While in Minnesota I did more than freeze and crochet an afghan. I read. I read six months worth of Smithsonian (I'm up to Jan. of 2006 now!), and plenty of Dover Thrift Editions of plays and short stories. Here's the run down.
I'm going to start by discussing two plays by two different authors at the same time.
Oliver Goldsmith, "She stoops to conquer" and Oscar Wilde "The Importance of being Earnest"
Don't bother reading these "classic" plays. Ever. Don't go see them. Don't waste your brain power wondering about them. Both were written during the time period when men were expected, and even looked up to, for being man whores, while the women could not even smile at a man without being accused of being an actual whore. The double standards in both these plays appalled me, as did the portrayal in Wilde's play of "ladies" as complete dimwitted idiots. At least the women in Goldsmith were smart. The only reason I would ever suggest any woman ever read these plays is so that they appreciate how far we've come.
Henrik Ibsen, "Hedda Gabler"
Speaking of how far we've come. Go get this play right now and read it RIGHT NOW!!! Ibsen is an incredible writer and had amazing insight into the pathetic position intelligent, ambitious women were forced into circa 1890. While Hedda could easily be misunderstood or misrepresented, it is clear that her actions stem from the frustration of being viewed as an "inferior creature". At the least, she wants to inspire her husband (or anyone) in noble and successful ventures. The play concludes when Hedda realizes she will never be the muse she desperately wants to be. . . .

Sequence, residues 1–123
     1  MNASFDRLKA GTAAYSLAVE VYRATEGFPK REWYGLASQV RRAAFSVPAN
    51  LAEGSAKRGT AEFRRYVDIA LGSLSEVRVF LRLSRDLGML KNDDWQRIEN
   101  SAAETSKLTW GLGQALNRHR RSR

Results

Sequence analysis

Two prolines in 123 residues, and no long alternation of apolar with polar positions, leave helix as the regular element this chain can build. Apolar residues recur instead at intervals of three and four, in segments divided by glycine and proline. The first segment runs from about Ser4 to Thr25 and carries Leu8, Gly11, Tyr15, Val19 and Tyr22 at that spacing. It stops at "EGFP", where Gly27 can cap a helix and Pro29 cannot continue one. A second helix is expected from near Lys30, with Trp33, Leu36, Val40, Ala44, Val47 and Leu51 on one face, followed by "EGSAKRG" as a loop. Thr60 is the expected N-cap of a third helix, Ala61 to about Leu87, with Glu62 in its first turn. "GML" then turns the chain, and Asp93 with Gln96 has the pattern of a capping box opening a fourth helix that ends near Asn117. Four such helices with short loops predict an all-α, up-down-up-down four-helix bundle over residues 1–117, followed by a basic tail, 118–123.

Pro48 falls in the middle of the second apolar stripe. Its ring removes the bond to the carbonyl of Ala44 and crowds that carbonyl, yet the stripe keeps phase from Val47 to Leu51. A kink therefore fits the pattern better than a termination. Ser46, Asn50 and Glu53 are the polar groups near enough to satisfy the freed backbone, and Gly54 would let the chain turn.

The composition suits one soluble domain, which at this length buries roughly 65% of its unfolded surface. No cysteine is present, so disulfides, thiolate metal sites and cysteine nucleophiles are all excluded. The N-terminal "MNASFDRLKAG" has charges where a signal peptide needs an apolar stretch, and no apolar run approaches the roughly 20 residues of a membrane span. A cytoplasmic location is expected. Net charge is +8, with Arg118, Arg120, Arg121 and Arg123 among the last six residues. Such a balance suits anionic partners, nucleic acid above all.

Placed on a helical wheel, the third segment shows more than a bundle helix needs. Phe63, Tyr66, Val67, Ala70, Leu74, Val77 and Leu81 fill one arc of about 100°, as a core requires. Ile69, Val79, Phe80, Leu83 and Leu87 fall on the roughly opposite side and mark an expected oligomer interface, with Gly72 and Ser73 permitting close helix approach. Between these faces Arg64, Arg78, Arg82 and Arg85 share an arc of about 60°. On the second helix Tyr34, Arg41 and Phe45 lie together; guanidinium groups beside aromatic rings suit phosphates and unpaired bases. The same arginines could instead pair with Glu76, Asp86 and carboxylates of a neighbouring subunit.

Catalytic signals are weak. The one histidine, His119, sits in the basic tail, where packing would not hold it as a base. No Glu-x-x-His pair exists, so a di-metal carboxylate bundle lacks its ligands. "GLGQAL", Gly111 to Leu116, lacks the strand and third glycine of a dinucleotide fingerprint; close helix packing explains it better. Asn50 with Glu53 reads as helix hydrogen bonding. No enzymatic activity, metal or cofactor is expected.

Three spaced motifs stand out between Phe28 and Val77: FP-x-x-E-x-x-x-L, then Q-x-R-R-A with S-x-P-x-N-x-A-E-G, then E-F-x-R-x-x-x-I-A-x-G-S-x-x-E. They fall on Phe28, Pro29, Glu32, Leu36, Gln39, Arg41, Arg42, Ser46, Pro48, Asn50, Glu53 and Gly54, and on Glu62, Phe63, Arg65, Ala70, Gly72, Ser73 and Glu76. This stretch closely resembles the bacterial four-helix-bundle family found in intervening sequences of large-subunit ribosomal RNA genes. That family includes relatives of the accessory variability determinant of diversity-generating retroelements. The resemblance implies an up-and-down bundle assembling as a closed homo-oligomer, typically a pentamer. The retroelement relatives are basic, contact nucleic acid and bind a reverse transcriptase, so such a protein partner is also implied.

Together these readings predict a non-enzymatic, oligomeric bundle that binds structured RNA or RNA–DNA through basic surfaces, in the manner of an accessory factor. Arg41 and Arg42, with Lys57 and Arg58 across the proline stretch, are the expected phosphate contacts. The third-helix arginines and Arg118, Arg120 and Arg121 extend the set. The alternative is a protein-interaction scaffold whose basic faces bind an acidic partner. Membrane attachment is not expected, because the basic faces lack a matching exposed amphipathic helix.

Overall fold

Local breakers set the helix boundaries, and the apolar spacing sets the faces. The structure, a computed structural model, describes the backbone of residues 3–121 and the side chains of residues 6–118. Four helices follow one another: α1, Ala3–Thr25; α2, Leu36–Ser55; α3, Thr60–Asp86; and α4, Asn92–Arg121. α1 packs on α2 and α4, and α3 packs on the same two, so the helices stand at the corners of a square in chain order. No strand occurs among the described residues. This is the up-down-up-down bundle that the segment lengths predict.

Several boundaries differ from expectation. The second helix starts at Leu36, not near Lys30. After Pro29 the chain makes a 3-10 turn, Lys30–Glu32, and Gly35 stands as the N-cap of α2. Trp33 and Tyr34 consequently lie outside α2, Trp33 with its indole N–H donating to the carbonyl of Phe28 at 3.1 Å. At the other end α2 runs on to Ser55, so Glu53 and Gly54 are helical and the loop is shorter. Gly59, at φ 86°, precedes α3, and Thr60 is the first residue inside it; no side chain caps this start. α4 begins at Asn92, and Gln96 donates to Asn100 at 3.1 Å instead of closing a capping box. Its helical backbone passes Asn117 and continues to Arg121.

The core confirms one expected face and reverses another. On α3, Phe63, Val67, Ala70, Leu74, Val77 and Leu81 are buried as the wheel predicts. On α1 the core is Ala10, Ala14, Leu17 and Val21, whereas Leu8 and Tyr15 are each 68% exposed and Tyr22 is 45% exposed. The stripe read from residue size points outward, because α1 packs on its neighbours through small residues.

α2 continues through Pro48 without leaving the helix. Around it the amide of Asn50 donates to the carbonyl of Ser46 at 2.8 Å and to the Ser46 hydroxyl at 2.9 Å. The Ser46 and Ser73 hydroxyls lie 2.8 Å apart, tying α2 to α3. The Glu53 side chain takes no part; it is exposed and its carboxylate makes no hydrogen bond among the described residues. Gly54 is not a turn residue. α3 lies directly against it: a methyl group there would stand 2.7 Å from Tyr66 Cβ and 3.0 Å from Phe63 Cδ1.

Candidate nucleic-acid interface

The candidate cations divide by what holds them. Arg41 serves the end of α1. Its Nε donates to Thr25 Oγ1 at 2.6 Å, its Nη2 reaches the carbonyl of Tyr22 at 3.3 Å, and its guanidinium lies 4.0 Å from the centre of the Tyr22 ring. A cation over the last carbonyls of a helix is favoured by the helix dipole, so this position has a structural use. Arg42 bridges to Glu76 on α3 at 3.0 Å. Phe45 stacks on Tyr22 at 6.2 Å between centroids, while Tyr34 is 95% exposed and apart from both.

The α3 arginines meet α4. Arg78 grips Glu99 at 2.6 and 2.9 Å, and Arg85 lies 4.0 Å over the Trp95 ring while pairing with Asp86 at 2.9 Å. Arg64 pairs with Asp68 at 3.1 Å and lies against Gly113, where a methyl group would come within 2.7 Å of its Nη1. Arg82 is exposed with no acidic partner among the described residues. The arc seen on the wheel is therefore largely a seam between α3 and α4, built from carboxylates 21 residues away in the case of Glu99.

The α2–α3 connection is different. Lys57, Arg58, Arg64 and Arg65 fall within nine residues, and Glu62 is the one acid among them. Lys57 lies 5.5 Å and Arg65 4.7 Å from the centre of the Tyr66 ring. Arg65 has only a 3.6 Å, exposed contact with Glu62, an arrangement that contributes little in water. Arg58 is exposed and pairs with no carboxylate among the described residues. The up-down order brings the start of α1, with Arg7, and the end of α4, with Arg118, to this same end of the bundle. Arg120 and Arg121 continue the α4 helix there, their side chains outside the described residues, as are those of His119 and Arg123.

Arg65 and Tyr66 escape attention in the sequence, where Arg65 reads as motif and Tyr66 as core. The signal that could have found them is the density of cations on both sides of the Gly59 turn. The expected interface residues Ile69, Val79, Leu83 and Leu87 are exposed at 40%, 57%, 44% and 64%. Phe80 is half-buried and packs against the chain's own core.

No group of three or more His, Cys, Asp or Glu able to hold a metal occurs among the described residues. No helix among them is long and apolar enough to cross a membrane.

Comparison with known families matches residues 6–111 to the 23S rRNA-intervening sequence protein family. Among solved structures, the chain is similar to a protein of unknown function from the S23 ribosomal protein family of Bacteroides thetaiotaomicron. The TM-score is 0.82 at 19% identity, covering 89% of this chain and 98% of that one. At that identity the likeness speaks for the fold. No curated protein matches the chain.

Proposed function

Anton Chekhov, "The Three Sisters"
This play also focuses on the frustration of women around the turn of the 20th century. But it also includes wonderful clues into the provincial life of Russia at that time. Although the play is about "three sisters," the lives of the men around them reveal the disappointment and discouragement caused by the political and economic situation in Russian, which led to personal disappointment for all. The inability to change the situation and even the apathy of most of the characters lead one to understand why Russia eventually rose up in revolution in 1905.
Alexander Pushkin, "The Amateur Peasant Girl," "The shot," "The snowstorm," and "The Postmaster"
Besides the fact that Pushkin knows how to tell a story, these stories should be read for their insight into Russian society (largely provincial) between 1815 and 1837. They tell a great deal concerning attitudes towards the serfs, Europe, education, and the social order. Fun and easy to read.
Henry James, "The Turn of the Screw"
I had never read any James before. I actually think this would make a great movie (maybe there's already one). It is supposed to be a suspenseful horror story. However, since the story largely revolves around the fact that two children are going to hell because they see ghosts and today hell doesn't really factor into the supernatural, I think a movie could better deliver the suspense. And if you've read the story, yes, I realize that's not a quite accurate description of the story, but close enough.